23 September 2009

An Expat Meme...

Ian ran this meme and I thought it would be interesting to answer these questions as well. I won't tag anyone, but if anyone runs it, drop a line so we can check it out.

  • How long have you lived away from your home country? It's been 26 months now.
  • Do you still feel like you’re just visiting? Gosh yes. Although, I lived in NYC for years and sort of felt like I was still visiting as well. I am pretty comfortable now, and it has taken the two years to be so. But the lack of language skills and the behavioral differences will always let me know that I am not a native.
  • What do you notice the most has changed about your home country when you go back for a visit? The great recession has had an extremely negative impact on the economy. Lots of empty houses, closed businesses, sales at prices that my Euro accustomed eye find terribly low. But also more poverty and more visible poverty and decay.
  • If you were to move again, would it be back to your home country? Not sure. For family sake, perhaps, but there are many other countries I wouldn't mind being an expat in. Right now, we are here for the kids and for social interaction with my husband's family and it has worked extremely well.
  • Do you ever get homesick? Not really. When I run up against a really awful German interaction, yes. Generally (except for certain things, most importantly the food), I like it here. That's because I can watch American TV and movies and local news: if I couldn't, I think I would have failed at this.
  • If you read the news, do you read it in your native language or that of your host country? Watch it on my local (US home) station, read it in US (and UK and English language German) on-line papers.
  • What do you like the most about Germany? I love the social system. I admire it and hope the US achieves it. With that is the respect for children and women and their lives, as well as that shown for immigrants and minorities. This is exhibited though support to parents, to children, kitas, schools and universities, mandated vacation and quality of life regulations, integration courses and the medial and other support systems. I am happy to pay taxes to support this system and think it to be fair.
  • What grates you the most? The thing that bothers me most is the German desire to follow the letter of the law rather than to arrive at a conclusion which is desireable to all parties. That need to follow the rules, no matter how silly or wrong or resulting in the wrong finish, pervades almost everything. Which, annoyingly enough, is matched with the German way of finagling the rules through personal connection and rules bending. As an American, I find it unfair. I think my national characteristic has me exclaiming: That's not fair or equitable, while a German might cry: Das ist nicht in Ordnung!--- That's followed closely by my hatred of the Sunday shopping rules, which cause problems to those of us who would like to keep the Sabbath on Saturday, although it's much better than it was 10 years ago.
  • Did you speak the language of your host country before you arrived? Not more than 10 words.
  • How long did it take before you felt comfortable speaking the language? Although I will speak in it readily, I always know that I am doing it badly.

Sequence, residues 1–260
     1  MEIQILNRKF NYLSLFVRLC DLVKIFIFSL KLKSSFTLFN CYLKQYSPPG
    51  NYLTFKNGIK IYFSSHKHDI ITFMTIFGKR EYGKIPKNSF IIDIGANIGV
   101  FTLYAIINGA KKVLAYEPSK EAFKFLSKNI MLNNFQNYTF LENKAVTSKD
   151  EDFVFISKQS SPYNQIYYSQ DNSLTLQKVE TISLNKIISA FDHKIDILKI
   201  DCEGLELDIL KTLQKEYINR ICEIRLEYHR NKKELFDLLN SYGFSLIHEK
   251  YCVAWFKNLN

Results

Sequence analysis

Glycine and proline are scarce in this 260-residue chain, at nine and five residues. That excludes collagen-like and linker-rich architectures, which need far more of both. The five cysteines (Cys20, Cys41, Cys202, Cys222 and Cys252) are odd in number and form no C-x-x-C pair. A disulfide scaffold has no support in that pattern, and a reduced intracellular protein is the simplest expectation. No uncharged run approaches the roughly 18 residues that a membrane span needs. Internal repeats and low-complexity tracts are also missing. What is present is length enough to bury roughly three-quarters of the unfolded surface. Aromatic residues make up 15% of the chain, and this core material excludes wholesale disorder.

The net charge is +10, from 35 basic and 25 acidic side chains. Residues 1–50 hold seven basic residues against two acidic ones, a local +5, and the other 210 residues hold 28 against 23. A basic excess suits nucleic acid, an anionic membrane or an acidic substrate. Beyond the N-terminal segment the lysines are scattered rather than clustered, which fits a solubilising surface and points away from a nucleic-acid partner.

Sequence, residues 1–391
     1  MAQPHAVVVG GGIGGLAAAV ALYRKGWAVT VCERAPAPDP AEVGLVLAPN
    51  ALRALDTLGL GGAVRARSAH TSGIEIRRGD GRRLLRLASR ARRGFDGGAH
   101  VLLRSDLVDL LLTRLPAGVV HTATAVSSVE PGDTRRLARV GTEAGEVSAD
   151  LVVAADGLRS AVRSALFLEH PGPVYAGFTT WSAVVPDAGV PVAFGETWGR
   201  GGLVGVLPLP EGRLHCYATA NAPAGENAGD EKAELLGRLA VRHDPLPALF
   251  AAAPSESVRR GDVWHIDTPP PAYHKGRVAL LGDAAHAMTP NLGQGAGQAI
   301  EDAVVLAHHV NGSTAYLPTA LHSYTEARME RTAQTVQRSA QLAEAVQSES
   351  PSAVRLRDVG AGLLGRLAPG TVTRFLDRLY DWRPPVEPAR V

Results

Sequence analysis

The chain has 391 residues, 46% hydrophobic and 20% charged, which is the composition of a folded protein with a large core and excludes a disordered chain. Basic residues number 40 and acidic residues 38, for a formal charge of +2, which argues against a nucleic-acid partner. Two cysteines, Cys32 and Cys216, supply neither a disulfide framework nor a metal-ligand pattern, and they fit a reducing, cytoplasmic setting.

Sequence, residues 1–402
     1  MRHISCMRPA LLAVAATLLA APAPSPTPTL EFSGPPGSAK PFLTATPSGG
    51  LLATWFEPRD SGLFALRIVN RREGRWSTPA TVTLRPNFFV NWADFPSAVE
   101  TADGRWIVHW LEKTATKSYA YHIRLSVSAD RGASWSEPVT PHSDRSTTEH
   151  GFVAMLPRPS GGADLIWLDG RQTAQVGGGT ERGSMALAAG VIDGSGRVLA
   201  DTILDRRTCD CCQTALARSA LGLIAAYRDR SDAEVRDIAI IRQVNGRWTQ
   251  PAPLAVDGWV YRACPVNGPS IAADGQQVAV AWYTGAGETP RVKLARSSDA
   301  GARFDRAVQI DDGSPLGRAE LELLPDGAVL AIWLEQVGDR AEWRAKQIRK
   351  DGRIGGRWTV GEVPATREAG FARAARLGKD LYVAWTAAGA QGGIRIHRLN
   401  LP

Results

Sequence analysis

• If people switch to English when you speak to them in their language, how do you react? Only folks of good will do that, and I therefore am grateful- may I note that Beamtors actually, rather than switching to English, appear to switch to a form of German that is even harder than the regular sort. Although Beamtors have no problem understanding my (admittedly horrible German), they appear incapable of helping me to understand them in any way. If I want to practice my German with the regular sort of nice folk, I have plenty of opportunity at my childrens' schools, where most teachers and parents speak German in dialogue. In fact, most folks I interact with, even if they speak English, will pretend not to do so, although understanding me when I fumble and throw some in. I think that goes to national character: they desire not to display a less than perfect command of the language. Perhaps my experiences are different because so many of the people that I come into contact with are not business people or Anglophone expats.
  • What has been the biggest change you’ve had to make in leaving your home country?Not going out to work, living in a world where I don't understand the ambient conversation, finding hidden pork in many products (e.g. jello-equivalent and Haribo), inability to speak to the general population fluently and understanding that general friendliness is considered a sign of weakness.
  • If there were a button to improve anything about your expatriate life, what would it say on the button?I'll echo everyone else and say-"Free trips home"- the cost(in time as well as money) of flying overseas to see family is very high. Or second best: University level Understanding of German.

4 comments:

honeypiehorse said...

I'll second that about perfect German! No matter how good I get it's never good enough.

Psychgrad said...

Very interesting meme. In my field, I study a lot of these issues on a day-to-day basis.

What are folks of good?

G in Berlin said...

...of goodwill...:)

Lee said...

'That need to follow the rules, no matter how silly or wrong or resulting in the wrong finish, pervades almost everything.'

As an American who has lived abroad in various countries for most of her adult life, this is exactly what I notice about the States now when I return for a visit!